In the town, the population was spread out with 5.7% under the age of 18, 1.8% from 18 to 24, 7.7% from 25 to 44, 29.9% from 45 to 64, and 54.9% who were 65 years of age or older. The median age was 66 years. For every 100 females, there were 102.8 males. For every 100 females age 18 and over, there were 101.9 males.

The median income for a household in the town was $23,053, and the median income for a family was $26,382. Males had a median income of $20,313 versus $16,080 for females. The per capita income for the town was $15,889. About 7.8% of families and 13.5% of the population were below the poverty line, including 20.3% of those under age 18 and 10.0% of those age 65 or over.

Tourism[edit]

Hadji Ali grave in Quartzsite, Arizona.

Quartzsite is a popular recreational vehicle camping area for winter visitors with tourism being the major contributor to Quartzsite's economy. Nine major gem and mineral shows, and 15 general swap meet shows are very popular tourist attractions, attracting about 1.5 million people annually,[16] mostly during January and February.

Quartzsite is the burial place of Hi Jolly (Hadji Ali), an Ottoman citizen of Greek-Syrian parentage, who took part in the experimental US Camel Corps as a camel driver.[17]

Quartzsite is also the site of Joanne's Gum Museum, which is open to the public and features a large collection of gum wrappers from around the world.[18]

The Arizona Peace Trail goes through Quartzsite.[19]

Transportation[edit]

The Town of Quartzsite operates demand response buses under the name Camel Express.[20] Freeways and state highways in Quartzsite include:

Gallery[edit]

The following gallery includes the images of:

  • Ruins of Fort Tyson which was built in 1856 and is located on the corner of Main St. and Moon Mountain Road.
  • Tyson’s Well Stage Station built in 1866 and located in 161 West Main Street. The stage station served the travelers who went back and forth from the towns of Ehrenberg and Wickenburg. The building now houses the Quartzite Museum and Historical Society.[21]
  • The restored Oasis Hotel which was originally built in 1900 and located in Main Street.
  • The grave of Hadji Ali (1828 –1902) a.k.a. Hi Jolly. The grave, located in the Hi Jolly Cemetery, was listed in the National Register of Historic Places in February 28, 2011, reference #11000054.
Name Image Year Name Image Year
1 Fort Tyson Ruins Quartzsite-Fort Tyson Ruins-1856-1.jpg 1856 2 Tyson's Well Quartzsite-Tyson's Well-1864-1.jpg 1864
3 Tyson's Well Stage Station Quartzsite-Tyson's Well Stage Station-1866-1.jpg 1866 4 Oasis Hotel Replica Quartzsite-Oasis Hotel Replica-1900-3.jpg 1900
5 Hi Jolly Monument Quartzsite-Hi Jolly Monument-1903-2.jpg 1903

See also[edit]

References[edit]

  1. ^ a b c U.S. Geological Survey Geographic Names Information System: Quartzsite, Arizona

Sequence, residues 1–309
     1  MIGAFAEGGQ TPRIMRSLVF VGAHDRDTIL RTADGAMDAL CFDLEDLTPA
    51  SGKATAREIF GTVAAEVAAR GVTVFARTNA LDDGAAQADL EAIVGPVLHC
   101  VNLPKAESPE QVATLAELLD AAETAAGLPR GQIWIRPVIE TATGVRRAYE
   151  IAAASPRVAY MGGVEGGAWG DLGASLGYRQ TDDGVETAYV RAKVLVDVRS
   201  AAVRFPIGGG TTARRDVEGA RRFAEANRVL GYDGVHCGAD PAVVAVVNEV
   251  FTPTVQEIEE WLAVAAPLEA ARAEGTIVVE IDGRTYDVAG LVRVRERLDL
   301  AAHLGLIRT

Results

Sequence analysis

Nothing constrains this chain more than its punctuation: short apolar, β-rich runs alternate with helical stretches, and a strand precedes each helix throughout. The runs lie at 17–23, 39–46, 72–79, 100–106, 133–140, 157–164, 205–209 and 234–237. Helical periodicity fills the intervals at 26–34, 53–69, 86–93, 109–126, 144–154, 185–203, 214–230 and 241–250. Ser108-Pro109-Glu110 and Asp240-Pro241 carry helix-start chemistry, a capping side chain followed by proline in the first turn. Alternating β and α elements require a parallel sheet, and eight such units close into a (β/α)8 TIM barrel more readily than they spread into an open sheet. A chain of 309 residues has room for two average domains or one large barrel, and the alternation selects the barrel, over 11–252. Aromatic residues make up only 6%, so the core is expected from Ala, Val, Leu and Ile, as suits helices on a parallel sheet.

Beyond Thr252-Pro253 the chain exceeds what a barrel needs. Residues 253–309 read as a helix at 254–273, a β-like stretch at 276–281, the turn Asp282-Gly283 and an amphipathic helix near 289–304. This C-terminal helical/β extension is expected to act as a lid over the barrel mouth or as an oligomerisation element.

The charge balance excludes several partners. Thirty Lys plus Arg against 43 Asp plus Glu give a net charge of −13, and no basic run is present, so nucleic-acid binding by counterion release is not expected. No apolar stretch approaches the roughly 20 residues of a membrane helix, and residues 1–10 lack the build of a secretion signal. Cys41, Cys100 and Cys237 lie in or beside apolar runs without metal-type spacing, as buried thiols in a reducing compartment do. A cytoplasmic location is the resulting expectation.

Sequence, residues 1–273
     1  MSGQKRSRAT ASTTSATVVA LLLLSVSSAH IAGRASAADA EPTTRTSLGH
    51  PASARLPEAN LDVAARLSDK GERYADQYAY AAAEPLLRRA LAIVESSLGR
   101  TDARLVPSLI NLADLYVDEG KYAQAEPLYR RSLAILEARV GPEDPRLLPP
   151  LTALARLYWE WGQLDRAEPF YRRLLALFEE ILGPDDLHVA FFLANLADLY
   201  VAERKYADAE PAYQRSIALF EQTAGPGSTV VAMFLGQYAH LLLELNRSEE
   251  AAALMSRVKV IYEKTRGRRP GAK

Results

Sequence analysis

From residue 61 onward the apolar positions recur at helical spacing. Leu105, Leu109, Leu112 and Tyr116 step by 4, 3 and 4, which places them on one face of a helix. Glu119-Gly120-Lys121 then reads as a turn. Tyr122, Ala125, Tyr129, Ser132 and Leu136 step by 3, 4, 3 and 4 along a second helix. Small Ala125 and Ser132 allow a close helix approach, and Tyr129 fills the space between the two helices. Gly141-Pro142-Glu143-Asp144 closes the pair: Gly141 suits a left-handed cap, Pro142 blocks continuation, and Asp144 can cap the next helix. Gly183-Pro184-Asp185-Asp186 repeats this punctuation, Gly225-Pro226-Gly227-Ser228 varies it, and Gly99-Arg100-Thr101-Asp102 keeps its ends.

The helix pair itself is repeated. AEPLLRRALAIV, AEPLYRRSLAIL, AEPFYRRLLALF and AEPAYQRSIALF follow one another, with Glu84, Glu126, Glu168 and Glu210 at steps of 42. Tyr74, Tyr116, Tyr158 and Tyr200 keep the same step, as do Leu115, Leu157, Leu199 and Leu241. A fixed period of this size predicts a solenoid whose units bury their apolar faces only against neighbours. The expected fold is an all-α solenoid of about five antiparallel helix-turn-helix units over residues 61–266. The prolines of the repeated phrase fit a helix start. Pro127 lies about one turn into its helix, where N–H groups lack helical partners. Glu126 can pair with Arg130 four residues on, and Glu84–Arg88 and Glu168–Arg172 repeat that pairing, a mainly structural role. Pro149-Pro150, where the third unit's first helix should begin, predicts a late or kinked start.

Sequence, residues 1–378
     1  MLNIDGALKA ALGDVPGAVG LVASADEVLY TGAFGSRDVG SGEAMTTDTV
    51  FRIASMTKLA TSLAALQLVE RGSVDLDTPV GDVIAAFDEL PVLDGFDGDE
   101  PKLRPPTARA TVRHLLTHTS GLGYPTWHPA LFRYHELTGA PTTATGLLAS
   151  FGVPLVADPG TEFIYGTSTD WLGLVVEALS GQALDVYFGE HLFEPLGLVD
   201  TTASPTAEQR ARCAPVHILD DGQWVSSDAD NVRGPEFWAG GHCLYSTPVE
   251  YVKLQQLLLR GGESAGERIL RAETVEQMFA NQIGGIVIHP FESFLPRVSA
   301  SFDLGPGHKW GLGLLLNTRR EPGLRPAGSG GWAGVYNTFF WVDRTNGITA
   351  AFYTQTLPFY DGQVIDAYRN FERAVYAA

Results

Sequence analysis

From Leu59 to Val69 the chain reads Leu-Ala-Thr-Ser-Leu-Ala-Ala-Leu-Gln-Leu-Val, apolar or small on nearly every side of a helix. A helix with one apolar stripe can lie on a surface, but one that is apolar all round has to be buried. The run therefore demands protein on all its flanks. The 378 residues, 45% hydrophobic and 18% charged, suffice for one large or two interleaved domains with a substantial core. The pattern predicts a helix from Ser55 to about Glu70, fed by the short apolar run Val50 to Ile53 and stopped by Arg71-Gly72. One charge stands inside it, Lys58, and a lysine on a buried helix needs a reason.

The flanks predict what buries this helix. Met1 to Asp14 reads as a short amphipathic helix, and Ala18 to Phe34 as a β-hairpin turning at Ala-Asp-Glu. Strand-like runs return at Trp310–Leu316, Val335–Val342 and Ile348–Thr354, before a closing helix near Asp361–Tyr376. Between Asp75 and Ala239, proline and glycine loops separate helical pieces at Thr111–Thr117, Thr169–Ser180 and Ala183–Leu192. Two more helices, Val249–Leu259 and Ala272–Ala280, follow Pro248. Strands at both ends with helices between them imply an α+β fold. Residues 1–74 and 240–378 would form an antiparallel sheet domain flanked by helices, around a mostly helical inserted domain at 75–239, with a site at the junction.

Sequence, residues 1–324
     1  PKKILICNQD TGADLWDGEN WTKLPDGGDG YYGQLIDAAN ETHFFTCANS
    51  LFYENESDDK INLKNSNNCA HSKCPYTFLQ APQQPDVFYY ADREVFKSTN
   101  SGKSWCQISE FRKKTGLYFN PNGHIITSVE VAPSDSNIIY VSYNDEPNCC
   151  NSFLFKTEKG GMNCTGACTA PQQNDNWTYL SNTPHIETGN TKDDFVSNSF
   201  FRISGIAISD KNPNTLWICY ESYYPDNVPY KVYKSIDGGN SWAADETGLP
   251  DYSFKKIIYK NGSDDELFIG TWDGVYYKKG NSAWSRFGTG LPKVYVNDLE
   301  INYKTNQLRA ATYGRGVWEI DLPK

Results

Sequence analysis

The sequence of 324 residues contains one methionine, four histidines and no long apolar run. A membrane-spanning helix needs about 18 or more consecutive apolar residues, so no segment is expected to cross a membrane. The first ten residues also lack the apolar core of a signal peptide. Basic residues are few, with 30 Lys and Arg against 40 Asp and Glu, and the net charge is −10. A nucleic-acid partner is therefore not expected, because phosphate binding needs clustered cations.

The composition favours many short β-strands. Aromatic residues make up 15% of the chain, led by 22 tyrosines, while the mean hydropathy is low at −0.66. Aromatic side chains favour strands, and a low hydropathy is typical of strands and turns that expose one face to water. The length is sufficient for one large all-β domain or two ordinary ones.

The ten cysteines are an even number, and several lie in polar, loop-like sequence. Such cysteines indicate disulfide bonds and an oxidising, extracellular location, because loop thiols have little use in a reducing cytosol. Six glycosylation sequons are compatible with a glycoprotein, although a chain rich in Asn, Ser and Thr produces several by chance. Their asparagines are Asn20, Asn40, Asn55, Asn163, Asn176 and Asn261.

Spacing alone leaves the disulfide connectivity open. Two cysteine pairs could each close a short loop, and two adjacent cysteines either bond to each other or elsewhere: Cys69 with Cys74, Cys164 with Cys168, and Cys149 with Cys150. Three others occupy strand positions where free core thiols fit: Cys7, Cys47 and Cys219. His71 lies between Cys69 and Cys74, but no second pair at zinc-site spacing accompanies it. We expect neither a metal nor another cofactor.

2. ^ "2016 U.S. Gazetteer Files". United States Census Bureau. Retrieved Jul 18, 2017.
  3. ^ a b "American FactFinder". United States Census Bureau. Retrieved 2014-08-31.
  4. ^ a b "Population and Housing Unit Estimates". Retrieved June 9, 2017.
  5. ^ Richard Josiah Hinton, The Handbook to Arizona: Its Resources, History, Towns, Mines, Ruins, and Scenery, Payot, Upham & Company, San Francisco, 1878
  6. ^ Official Map Of The Territory Of Arizona, With All The Recent Explorations. Compiled by Richard Gird C.E. Commissioner. Approved By John N. Goodwin, Governor. In Accordance With An Act Of The Legislature, Approved Oct. 23d. 1864. We hereby certify that this is the Official Map of the Territory of Arizona, and approve the same. Prescott October 12th 1865. (with signed seal dated 1863). Published By A. Gensoul, Pacific Map Depot. No. 511 Montgomery St. San Francisco. Lith. Britton & Co. San Francisco. From davidrumsey.com, accessed on 6/21/2016
  7. ^ Sheet No. 1 & 3, Department of Arizona. Revised, 1875. Compiled under the authority of Maj. Gen. J.M. Schofield Commanding Mil. Div. of the Pacific by 1st Lieut. J.C. Mallery Corps of Engrs. Published by authority of The Hon. The Secretary of War in the Office of the Chief Of Engineers U.S. Army Washington D.C. 1876. Drawn by J.W. Ward. From davidrumsey.com, accessed on 6/15/2018
  8. ^ Official Map Of The Territory Of Arizona Compiled from Surveys, Reconnaissances and other Sources. By E.A. Eckhoff And P. Riecker, Civil Engineers, 1880. Drawn by Eckhoff & Riecker. The Graphic Co. Photo-Lith. 39 & 41 Park Place, N.Y. Entered ... 1879, by Emil Eckhoff and Paul Riecker ... Washington, D.C., 1880 “Official Map of the Territory of Arizona” showing La Paz - Wikenburg Road and Hardyville - Prescott Road with mileage between locations along the roads, from davidrumsey.com, accessed on 6/21/2016
  9. ^ Martha Summerhayes, Vanished Arizona Recollections of the Army Life by a New England Woman, The Salem Press Co., Salem. Mass., 1908.
  10. ^ Quartzsite Mining History from minerdiggins.com accessed September 29, 2018.
  11. ^ Arizona Atlas and Gazetteer, plate 54, DeLorme, 2001, ISBN 0-89933-325-7
  12. ^ Quartzsite (026865) General Climate Summary – Precipitation
  13. ^ "Climatography of the United States No. 20 – 1971-2000: Quartzsite, AZ (COOP ID: 026865)" (PDF). National Oceanic and Atmospheric Administration. 2004. Retrieved on August 30, 2014.
  14. ^ "Census of Population and Housing". Census.gov. Retrieved June 4, 2016.
  15. ^ "American FactFinder". United States Census Bureau. Archived from the original on September 11, 2013. Retrieved 2008-01-31.
  16. ^ Community Archived December 14, 2007, at the Wayback Machine.
  17. ^ U.S. Camel Corps remembered in Quartzsite, Arizona, Out West Newspaper #18
  18. ^ http://www.roadsideamerica.com/tip/32154
  19. ^ Avendano, Uriel (2017-01-18). "Park & Rec. considers RC airfield expansion, Peace Trail staging area". Palo Verde Valley Times. Retrieved 2017-01-22.
  20. ^ "Public Transportation". Retrieved 2016-10-10.
  21. ^ Quartzsite Museum

External links[edit]